Today in History

  • Friday, April 4, 2014 2:19pm
  • Life

Today is Saturday, April 5, the 95th day of 2014. There are 270 days left in the year.

Today’s highlight:

On April 5, 1614, Pocahontas, Indian Chief Powhatan’s daughter, married Englishman John Rolfe in the Virginia Colony. (A convert to Christianity, Pocahontas had adopted the name “Rebecca” when she was baptized.)

On this date:

In 1614, England’s King James I convened the second Parliament of his rule; the “Addled Parliament,” as it came to be known, lasted only two months.

In 1621, the Mayflower sailed from Plymouth Colony in present-day Massachusetts on a monthlong return trip to England.

In 1764, Britain’s Parliament passed The American Revenue Act of 1764, also known as The Sugar Act.

In 1864, Ben Field and George M. Pullman received a U.S. patent for an “improvement in (rail) sleeping-cars” that consisted of a folding upper berth.

In 1895, Oscar Wilde lost his criminal libel case against the Marquess of Queensberry, who’d accused the writer of homosexual practices.

In 1933, President Franklin D. Roosevelt signed an executive order creating the Civilian Conservation Corps and an anti-hoarding order that effectively prohibited private ownership of gold.

In 1951, Julius and Ethel Rosenberg were sentenced to death following their conviction in New York on charges of conspiring to commit espionage for the Soviet Union.

In 1954, the U.S. Supreme Court, in Federal Communications Commission v. American Broadcasting Co., Inc., unanimously ruled that TV quiz shows did not violate lottery laws.

In 1964, Army General Douglas MacArthur died in Washington at age 84.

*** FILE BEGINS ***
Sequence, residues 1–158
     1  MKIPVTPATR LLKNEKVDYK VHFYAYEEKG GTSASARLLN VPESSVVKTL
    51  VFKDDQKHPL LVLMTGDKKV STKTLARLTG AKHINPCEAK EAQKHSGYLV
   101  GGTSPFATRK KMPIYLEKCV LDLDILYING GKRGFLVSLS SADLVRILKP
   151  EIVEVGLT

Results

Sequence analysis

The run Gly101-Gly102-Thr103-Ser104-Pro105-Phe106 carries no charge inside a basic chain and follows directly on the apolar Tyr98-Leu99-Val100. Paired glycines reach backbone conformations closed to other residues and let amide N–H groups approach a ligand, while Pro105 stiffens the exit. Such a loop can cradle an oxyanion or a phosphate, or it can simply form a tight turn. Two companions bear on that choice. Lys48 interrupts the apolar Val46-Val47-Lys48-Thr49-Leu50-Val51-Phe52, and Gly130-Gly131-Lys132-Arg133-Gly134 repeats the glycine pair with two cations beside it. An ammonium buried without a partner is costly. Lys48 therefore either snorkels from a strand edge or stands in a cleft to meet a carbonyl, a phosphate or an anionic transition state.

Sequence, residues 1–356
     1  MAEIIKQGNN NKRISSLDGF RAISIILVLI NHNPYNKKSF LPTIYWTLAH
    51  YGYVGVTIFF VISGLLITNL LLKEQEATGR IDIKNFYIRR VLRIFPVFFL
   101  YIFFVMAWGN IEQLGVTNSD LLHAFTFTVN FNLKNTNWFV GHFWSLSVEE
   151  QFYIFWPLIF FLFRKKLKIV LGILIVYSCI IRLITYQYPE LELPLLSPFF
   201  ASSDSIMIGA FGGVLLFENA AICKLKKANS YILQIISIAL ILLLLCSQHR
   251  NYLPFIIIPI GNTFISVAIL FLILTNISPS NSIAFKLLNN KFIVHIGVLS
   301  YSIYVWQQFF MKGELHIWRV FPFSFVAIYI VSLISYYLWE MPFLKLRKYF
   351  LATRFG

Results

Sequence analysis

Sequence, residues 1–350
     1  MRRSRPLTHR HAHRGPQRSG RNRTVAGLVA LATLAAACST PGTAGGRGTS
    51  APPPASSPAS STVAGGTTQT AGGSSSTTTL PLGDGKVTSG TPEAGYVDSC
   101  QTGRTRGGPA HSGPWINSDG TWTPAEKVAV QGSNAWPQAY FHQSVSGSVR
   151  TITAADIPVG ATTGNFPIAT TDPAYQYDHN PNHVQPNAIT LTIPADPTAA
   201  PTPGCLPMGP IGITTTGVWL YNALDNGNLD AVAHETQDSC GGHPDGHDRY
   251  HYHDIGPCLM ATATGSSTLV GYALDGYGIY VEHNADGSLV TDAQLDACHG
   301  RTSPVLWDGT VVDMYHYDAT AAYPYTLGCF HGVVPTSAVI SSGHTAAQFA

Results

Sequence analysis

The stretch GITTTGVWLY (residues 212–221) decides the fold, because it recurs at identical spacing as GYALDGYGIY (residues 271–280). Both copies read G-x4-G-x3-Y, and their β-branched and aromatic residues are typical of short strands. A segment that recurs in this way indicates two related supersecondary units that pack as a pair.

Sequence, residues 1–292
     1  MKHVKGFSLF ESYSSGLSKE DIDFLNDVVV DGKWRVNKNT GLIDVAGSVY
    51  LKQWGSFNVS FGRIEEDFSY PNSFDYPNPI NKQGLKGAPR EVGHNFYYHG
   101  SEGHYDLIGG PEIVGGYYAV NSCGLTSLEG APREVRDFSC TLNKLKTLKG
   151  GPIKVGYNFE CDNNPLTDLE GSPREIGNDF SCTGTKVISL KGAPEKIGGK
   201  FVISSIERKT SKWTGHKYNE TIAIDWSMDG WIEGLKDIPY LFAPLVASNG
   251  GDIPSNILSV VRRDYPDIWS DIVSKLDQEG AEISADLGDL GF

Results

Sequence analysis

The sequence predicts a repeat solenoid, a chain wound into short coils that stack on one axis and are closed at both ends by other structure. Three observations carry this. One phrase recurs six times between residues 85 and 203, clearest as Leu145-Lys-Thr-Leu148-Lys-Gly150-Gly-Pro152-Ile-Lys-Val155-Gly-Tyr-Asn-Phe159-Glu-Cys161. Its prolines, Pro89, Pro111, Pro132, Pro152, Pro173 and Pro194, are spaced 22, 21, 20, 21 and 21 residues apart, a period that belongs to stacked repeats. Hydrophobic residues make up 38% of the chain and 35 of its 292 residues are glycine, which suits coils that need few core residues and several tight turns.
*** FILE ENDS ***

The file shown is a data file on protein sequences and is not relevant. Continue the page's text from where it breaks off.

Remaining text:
In 1974, Stephen King’s first published novel, “Carrie,” was released by Doubleday.

In 1986, two American servicemen and a Turkish woman were killed in the bombing of a West Berlin discotheque, an incident which prompted a U.S. air raid on Libya more than a week later.

In 2010, an explosion at the Upper Big Branch mine near Charleston, W.Va., killed 29 workers.

Associated Press

More in Life

Beer of the Week: Scuttlebutt’s Night Circus

The Everett brewery’s head brewer had nightmares trying to dial in its new coffee and coconut ale.

Viognier: French white grape gaining foothold in Washington

Viognier, the noble white grape of the northern Rhône Valley of France,… Continue reading

Curries continues home-cooked Indian cuisine at new location

The restaurant, now located on Evergreen Way, also puts an Indian spin on Northwest cooking.

New documentary chronicles Obama’s last year in White House

“The Final Year” doesn’t paint the administration in rosy colors, but it isn’t too critical either.

‘Forever My Girl’ takes a page from the Nicholas Sparks genre

The film based on a novel by Heidi McLaughlin is a well-worn tale of lost love and redemption.

Christian Bale seems to channel Clint Eastwood in ‘Hostiles’

Bale plays a U.S. cavalry captain who escorts a dying Cheyenne chief to his tribal homeland.

International guitar tour led by Lulo Reinhardt stops in Edmonds

International Guitar Night, now in its 18th year, is Jan. 24 at the Edmonds Center for the Arts.

The latest on Snohomish County’s breweries, wineries and distilleries.

recreated one of those old recipes, brewing Tennant’s 1954 Gold Label Barleywine

New Cascadia Art Museum exhibit showcases mid-century designs

The exhibition includes ceramics, furniture, clothing, sculpture and jewelry from 1948 to 1966.

Most Read